ie: in a game where the main guy is the dark-wise-intelligent guy, you will need something like a character who never stops talking, who yells and screams for nothing and who does remind me of these gangasta guys all wrapped in golden chains and stuff. it shows how much the main character is wise and darky compared to this one, and most importantly, makes players (hardcores or kids or whatever) say stuff like "this one is my favourite, hes soo funny" "this one is so saad... just like me"
I think that having a character that sounds like ppl is just great
or makes ppl thik of themselves is just great
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Some good principles for designing any story:

Aristotelian Unity - Do not put redundancy in your design. Never use a bigger setting or longer amount of time than necessary. Never have two characters or objects that serve the same purpose. Smaller settings and more compact timelines make for a more intense story, and unique characers and objects which serve multiple functions are more interesting and memorable.

Main Character/Impact Character Complementarity - Most stories will have a main character and another character who has the most impact on the first character because the two characters have either opposite goals, or opposite methods for trying to achieve the same goal. In any story one of these characters should be forced by the plot to change their goal/approch, while the other character remains steadfast in their goal/approach. This is how you as a writer present a moral about what people should do or how they should do it to your audience. The character who changes does not necessarily have to be changing from the 'wrong way' to the 'right way'; a story with an unhappy ending suggests that the steadfast character was wrong and too stubborn or blind to change, and the dynamic character got dragged down too by not being strong-willed or faithful enough.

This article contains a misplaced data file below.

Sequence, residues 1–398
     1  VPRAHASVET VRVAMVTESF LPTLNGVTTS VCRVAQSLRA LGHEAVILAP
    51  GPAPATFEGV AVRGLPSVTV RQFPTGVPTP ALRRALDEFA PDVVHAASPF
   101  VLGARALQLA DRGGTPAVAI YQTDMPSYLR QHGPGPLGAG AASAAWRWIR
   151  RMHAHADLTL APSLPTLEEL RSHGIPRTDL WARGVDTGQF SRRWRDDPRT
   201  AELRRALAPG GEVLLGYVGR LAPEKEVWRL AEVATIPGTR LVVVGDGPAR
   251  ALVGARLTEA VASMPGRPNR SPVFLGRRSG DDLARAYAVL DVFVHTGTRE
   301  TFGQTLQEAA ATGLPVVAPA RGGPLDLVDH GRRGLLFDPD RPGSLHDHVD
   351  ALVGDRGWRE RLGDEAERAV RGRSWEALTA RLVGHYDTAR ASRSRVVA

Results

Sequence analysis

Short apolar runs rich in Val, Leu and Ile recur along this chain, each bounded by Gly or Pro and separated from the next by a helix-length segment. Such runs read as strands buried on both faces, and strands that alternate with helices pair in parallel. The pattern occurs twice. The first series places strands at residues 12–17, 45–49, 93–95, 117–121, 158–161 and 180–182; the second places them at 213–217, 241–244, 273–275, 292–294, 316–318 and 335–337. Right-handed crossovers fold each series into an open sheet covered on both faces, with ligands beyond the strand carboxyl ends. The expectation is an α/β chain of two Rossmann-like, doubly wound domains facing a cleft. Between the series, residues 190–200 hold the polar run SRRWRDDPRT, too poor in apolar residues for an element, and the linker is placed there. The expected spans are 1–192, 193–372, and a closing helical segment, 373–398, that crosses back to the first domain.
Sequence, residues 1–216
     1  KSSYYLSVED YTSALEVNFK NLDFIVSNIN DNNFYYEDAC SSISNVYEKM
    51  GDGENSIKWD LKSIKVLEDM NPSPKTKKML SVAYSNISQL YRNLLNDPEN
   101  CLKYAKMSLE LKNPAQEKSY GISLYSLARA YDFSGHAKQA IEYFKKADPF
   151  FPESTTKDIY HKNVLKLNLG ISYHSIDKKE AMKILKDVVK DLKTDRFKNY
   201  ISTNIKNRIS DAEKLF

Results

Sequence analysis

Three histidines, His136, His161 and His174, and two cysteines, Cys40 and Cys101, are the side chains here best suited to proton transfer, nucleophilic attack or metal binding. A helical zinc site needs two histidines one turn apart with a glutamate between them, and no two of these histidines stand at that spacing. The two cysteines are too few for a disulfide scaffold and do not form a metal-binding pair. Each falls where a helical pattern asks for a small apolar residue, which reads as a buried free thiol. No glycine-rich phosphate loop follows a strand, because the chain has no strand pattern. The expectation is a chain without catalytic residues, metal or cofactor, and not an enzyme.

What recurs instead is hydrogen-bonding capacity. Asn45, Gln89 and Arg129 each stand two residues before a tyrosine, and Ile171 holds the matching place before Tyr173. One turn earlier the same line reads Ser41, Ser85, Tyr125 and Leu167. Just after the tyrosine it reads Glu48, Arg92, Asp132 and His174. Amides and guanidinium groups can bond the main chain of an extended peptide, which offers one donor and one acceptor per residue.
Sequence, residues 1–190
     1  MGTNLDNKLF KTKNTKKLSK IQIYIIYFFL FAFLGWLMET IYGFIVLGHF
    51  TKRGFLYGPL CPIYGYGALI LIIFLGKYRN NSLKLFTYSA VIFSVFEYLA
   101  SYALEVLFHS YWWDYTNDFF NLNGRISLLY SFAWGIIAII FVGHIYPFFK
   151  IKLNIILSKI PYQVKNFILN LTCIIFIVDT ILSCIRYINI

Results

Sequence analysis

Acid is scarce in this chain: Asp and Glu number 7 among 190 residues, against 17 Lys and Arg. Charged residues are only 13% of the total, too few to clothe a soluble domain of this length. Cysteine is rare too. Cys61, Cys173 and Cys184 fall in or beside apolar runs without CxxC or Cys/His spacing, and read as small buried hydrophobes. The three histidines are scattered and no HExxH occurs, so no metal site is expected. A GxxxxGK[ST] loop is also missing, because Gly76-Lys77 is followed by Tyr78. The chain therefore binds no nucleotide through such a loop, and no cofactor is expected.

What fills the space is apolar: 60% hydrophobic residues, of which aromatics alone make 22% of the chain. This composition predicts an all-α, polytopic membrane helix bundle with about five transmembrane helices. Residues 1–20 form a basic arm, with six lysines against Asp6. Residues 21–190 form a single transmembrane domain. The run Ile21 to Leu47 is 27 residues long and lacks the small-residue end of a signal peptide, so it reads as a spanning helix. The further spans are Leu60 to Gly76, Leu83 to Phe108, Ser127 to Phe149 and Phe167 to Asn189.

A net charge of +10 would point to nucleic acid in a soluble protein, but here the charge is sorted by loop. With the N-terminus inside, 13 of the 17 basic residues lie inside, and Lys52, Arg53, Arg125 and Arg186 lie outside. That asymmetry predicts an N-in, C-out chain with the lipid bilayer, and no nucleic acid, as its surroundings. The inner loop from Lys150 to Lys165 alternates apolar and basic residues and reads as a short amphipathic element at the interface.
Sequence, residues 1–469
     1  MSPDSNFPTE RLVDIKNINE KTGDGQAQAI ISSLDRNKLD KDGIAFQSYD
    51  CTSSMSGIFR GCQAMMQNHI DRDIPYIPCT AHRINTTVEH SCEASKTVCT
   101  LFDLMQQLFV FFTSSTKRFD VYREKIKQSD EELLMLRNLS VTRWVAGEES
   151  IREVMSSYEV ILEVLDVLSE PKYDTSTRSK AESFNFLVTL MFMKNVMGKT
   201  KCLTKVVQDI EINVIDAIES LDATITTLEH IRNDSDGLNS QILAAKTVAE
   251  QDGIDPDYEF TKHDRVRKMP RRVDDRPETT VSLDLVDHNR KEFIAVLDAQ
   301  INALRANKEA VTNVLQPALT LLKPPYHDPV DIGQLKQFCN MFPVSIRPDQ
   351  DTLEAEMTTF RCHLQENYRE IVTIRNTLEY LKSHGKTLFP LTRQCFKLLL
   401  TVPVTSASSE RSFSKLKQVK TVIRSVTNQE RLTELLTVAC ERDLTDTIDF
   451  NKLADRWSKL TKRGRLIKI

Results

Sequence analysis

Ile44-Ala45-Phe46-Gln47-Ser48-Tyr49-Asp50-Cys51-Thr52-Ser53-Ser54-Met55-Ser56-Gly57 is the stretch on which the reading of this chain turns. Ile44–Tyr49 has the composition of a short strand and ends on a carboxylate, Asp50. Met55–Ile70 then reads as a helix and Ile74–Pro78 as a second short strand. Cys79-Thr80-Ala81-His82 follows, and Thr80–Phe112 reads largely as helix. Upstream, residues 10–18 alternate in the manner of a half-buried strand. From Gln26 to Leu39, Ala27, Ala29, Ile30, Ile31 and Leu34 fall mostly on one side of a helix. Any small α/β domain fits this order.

For Every Element, Include Its Opposite - If you want to talk about one character with a particular virtue/flaw/trait, you need to have another character with the opposite trait to contrast them with. If you want to show how a society is too ritualistic/individualistic/frivolous/stodgy/whatever, you need to show either a misfit individual or group within that society, or an alternate society, which has the opposite trait. Plot events too should generally be symmetrical or circular: a 'leaving home' scene somewhere in the story suggests a 'coming home' scene elsewhere, a fight scene is balanced by a brooding scene, a clever plan by its accidental mis-execution, a mystery by its solution, etc.